[18F]-labeled guanosine derivative 6 (Scheme 3) was prepared by nucleophilic displacement of triflate in 2 by [18F]fluoride ion in DMSO at 85°C for 45 min. Purification of [18F]6 via HPLC was required to avoid contamination of the final product [18F]F-AraG 7 with the de-protected starting material 2 (AraG). [18F]6 was smoothly hydrolyzed first by base (0.5 M NaOCH3) and then by acid (1 N HCl) to yield [18F]F-AraG 7. The radiochemical yield was 7–10% (decay corrected, n = 10), and the specific activity was 0.8–1.3 Ci/μmol. Analytical HPLC profile of co-injection of 7 with cold F-AraG standard is shown in Fig. 1.
Fig. 1

Analytical HPLC profile of co-injection of [18F]F-AraG with cold F-AraG standard (5% acetonitrile: 95% water; 1 mL/min, 254 nm, Phenomenex Gemini C18, 5μ, 4.6 × 250 mm).

Cell Uptake Assays

To evaluate the ability of cells to uptake [18F]F-AraG, the CCRF-CEM cell line (acute lymphoblastic T leukemia cells, unactivated) and primary T cells were exposed to [18F]F-AraG. Fig. 2 shows the uptake of [18F]F-AraG by unactivated CCRF-CEM cell and indicates that [18F]F-AraG uptake is dose-dependent with a twofold (p = 0.008 at 60 min and p = 0.001 at 120 min) increase in [18F]F-AraG uptake by cells exposed to 10 μCi compared to cells exposed to 3 μCi. We then looked to see if activated primary thymocytes derived from normal mouse tissue would also accumulate [18F]F-AraG. Fig. 3 represents the data that primary T cells stimulated with 100 U/mL of interleukin 2 take up 1.4-fold more (p = 0.14) [18F]F-AraG and primary T cells stimulated with 50 nM PMA and 1 μg/mL ionomycin take up 4.7-fold more (p = 0.003) [18F]F-AraG than unstimulated primary T cells.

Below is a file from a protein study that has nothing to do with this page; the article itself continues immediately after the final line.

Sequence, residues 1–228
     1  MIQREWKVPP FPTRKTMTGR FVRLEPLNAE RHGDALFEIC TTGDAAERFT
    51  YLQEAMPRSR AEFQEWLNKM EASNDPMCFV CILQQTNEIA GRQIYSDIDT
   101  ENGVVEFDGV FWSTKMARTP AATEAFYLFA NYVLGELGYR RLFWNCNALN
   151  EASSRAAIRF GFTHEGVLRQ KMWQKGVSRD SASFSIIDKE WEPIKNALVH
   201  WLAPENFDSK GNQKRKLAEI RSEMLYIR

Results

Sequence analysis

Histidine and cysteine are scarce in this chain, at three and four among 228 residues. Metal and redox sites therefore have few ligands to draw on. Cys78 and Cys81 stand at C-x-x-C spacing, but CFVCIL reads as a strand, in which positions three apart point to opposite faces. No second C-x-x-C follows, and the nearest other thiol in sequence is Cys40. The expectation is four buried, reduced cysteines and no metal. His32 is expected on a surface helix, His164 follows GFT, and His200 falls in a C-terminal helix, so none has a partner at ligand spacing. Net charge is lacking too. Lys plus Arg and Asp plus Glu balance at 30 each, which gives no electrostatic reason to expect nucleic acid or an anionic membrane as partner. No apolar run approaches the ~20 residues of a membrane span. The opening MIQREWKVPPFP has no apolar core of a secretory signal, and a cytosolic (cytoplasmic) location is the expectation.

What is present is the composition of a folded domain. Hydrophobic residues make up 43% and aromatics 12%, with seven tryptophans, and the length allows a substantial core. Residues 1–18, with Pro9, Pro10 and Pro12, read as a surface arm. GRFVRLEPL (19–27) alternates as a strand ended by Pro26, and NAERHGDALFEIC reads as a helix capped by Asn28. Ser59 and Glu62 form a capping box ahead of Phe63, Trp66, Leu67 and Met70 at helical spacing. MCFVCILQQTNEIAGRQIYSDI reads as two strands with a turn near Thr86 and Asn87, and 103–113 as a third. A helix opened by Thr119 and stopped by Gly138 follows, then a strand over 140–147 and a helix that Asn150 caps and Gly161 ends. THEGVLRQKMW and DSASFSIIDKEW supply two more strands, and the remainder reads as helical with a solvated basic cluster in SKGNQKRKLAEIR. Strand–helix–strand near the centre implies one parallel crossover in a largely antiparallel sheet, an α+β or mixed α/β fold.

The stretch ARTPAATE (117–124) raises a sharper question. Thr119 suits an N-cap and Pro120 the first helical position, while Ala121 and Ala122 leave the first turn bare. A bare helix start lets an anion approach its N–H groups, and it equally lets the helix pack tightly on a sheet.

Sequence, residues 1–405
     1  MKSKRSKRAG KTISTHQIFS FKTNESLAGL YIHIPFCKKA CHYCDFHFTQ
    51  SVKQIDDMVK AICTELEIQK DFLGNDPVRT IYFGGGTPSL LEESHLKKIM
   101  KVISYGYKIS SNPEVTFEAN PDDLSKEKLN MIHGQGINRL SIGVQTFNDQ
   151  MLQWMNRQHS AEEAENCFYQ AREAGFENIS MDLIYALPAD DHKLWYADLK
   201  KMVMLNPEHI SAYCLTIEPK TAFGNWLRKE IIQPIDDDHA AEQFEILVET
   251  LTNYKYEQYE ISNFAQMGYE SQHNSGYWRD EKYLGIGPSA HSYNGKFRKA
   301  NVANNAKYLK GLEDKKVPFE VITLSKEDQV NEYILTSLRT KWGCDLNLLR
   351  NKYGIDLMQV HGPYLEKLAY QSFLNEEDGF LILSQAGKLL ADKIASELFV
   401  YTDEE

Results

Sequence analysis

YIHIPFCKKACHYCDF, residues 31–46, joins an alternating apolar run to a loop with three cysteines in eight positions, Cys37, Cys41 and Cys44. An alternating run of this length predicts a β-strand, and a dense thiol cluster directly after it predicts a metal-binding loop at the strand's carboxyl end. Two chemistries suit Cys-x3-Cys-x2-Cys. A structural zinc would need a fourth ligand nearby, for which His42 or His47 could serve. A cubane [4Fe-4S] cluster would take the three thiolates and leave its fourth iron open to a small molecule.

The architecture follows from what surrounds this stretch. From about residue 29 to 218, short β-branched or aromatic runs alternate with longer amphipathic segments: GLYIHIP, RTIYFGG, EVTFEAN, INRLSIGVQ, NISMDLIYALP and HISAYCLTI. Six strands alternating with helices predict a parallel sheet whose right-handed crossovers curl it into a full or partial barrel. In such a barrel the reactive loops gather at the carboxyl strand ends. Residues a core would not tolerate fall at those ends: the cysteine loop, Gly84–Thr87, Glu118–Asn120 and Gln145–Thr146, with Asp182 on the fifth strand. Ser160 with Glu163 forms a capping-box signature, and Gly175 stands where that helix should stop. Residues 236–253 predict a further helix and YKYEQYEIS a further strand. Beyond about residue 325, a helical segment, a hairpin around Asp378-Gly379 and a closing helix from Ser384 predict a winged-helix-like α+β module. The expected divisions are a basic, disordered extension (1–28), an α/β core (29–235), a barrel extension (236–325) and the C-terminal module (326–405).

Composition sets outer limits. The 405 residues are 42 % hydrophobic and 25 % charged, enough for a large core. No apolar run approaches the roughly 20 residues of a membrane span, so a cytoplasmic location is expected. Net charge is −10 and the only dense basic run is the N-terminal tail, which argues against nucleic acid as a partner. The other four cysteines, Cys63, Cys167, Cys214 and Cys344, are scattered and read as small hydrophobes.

Fig. 2

5 × 105 CCRF-CEM cells, in triplicate, were exposed to either 3 μCi or 10 μCi of [18F]F-AraG for 60 or 120 min. Cells took up ~2-fold more [18F]F-AraG when exposed to 10 μCi, at 60 min (p = 0.008) and at 120 min (p = 0.001) as compared to 3 μCi. Error bars represent SEM.

Fig. 3

1 × 106 purified primary T cells, stimulated with 100 U/mL IL-2, 50 nM PMA and 1 μg/mL ionomycin, or unstimulated, were incubated for 60 min with 1. μCi of [18F]F-AraG. Error bars represent mean of triplicate determinations ± SEM, n = 4, p = 0.14 and 0.003 by two-tailed, paired Student’s t test, respectively.